Thousands of injured women nationwide have filed lawsuits in state and federal courts against manufacturers of surgical pelvic mesh implants, claiming that the design of the product was defective and led to serious side effects and permanent injuries. These serious health complications include vaginal mesh erosion, vaginal scarring, contraction or shrinking of the mesh, infection, bleeding, neuro-muscular problems, onset or resurgence of urinary problems, and severe pelvic discomfort and pain.
Companies including C.R. Bard Inc., Boston Scientific Corp., American Medical Systems, Covidien, and Johnson & Johnson developed these transvaginal mesh devices, which were used to treat conditions such as pelvic organ prolapse (POP) or stress urinary incontinence (SUI). Pelvic mesh was first placed on the market in 2004. Transvaginal and bladder sling repair surgeries using polypropylene (plastic) mesh products allegedly put patients at an even greater risk.
In spite of a 2011 U.S. Food and Drug Administration (FDA) warning about dangerous complications from surgical mesh, vaginal mesh and bladder sling injury cases continue to arise. The FDA has reported that from 2008-2010 there were 2,874 cases relating to surgical mesh injuries, death, or malfunctions, with 1,503 for POP repairs and 1,371 for SUI repairs. In April 2014, the FDA pushed for stricter safety requirements, proposing that the plastic mesh medical device be classified as “high risk.”
On September 11, 2014, a Dallas jury awarded a woman $73.4 million in a lawsuit against Boston Scientific, alleging that she suffered injuries from the Massachusetts-based company’s transvaginal mesh implant device. The woman faced severe and painful complications after the insertion of an Obtryx sling in a 2011 surgery. The woman received $23 million in compensatory damages and $50 million in punitive damages, making this verdict the largest settlement to date in a vaginal mesh lawsuit. “This woman was seeking help with minor urine leakage and wound up with a catastrophic, life-altering injury that required four major surgeries. It’s a tragedy that these slings are still on the market,” stated the woman’s attorney. More than 20,000 mesh lawsuits have been filed against Boston Scientific so far.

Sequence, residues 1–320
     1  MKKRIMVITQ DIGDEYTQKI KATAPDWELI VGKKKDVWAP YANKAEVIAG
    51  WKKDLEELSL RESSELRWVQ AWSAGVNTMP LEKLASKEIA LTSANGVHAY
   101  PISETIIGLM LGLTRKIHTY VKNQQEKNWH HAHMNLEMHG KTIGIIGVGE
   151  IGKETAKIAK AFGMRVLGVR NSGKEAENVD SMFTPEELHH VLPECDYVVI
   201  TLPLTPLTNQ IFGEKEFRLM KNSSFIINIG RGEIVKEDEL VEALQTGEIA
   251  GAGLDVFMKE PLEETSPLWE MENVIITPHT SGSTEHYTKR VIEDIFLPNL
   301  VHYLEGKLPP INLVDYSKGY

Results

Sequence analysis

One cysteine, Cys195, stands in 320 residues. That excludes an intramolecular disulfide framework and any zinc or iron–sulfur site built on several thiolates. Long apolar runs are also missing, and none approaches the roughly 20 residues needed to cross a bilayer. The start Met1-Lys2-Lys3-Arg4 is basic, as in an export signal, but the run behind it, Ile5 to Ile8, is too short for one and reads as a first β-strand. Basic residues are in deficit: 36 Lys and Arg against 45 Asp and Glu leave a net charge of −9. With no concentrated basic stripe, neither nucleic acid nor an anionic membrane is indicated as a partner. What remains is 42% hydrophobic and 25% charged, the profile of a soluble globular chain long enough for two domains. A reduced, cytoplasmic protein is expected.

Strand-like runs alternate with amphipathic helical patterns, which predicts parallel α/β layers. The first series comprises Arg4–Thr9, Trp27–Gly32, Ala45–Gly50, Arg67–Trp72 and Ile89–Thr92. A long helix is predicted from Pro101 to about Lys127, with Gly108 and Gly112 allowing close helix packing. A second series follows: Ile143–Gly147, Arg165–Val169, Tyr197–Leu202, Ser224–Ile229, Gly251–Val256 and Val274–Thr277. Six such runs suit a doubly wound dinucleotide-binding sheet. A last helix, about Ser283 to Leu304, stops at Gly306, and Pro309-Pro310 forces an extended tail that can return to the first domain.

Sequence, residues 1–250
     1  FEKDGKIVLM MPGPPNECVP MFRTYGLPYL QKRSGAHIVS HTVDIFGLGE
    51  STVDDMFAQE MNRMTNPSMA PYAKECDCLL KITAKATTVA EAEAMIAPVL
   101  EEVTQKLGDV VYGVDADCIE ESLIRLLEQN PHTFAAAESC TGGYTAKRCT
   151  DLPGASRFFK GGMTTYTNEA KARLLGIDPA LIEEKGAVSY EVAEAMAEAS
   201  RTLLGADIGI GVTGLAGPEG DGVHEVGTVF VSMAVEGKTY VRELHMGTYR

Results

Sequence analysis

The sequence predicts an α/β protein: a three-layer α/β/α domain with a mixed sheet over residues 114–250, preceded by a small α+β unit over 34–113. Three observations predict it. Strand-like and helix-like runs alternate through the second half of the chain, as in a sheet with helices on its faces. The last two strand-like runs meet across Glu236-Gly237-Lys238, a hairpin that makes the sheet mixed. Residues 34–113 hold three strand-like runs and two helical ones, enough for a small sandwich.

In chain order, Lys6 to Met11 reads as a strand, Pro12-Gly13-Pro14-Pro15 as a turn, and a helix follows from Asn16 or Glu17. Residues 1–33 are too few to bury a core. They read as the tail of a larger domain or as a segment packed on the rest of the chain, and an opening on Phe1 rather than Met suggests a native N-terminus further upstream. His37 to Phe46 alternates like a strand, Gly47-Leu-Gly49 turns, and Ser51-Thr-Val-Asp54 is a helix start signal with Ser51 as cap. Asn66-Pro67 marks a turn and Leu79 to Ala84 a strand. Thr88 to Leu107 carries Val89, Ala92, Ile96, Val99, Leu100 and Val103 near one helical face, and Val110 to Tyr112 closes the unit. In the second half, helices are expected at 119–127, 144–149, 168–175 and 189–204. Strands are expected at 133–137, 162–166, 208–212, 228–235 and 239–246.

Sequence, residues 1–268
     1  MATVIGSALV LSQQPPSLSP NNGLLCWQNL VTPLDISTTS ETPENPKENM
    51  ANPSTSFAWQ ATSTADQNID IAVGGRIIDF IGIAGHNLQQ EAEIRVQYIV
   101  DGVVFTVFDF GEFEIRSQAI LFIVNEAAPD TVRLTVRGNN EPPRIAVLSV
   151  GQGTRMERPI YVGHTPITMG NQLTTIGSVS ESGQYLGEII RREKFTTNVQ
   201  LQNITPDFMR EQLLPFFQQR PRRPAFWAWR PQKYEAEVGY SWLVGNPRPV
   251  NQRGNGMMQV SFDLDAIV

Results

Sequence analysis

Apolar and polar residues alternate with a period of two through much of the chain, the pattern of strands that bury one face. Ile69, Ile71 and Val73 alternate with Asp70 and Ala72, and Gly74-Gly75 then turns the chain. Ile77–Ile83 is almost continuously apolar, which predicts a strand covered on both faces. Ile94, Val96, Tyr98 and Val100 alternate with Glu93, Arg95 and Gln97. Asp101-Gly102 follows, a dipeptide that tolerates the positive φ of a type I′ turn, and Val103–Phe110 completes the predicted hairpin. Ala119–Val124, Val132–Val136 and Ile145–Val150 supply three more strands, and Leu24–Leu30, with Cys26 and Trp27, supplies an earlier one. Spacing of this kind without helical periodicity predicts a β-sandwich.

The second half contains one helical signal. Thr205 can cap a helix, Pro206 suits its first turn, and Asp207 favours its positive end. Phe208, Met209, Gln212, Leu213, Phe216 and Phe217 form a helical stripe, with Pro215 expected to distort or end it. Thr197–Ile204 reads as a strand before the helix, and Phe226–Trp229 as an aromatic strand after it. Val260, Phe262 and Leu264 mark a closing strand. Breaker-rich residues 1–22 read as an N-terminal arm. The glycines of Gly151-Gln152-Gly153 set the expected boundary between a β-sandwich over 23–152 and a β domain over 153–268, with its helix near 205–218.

Earlier in September 2014, a woman won a $3.27 million verdict against Johnson & Johnson’s Ethicon Inc. unit in a federal trial in West Virginia. The woman claimed to have suffered serious permanent injuries from Ethicon’s faulty pelvic mesh product. An additional 30,000 lawsuits have been filed against Johnson & Johnson for personal injury claims and for failing to warn patients and doctors of the risks regarding the transvaginal mesh device.
Although the injured women in the most recent pelvic mesh and bladder sling lawsuits prevailed, two earlier this summer resulted in defense verdicts. Before these defense verdicts, juries in New Jersey and West Virginia ruled that J&J’s and C.R. Bard’s implants caused women’s injuries and ordered the companies to pay a total of more than $13 million in damages.
Learn more about transvaginal mesh complications and your legal rights.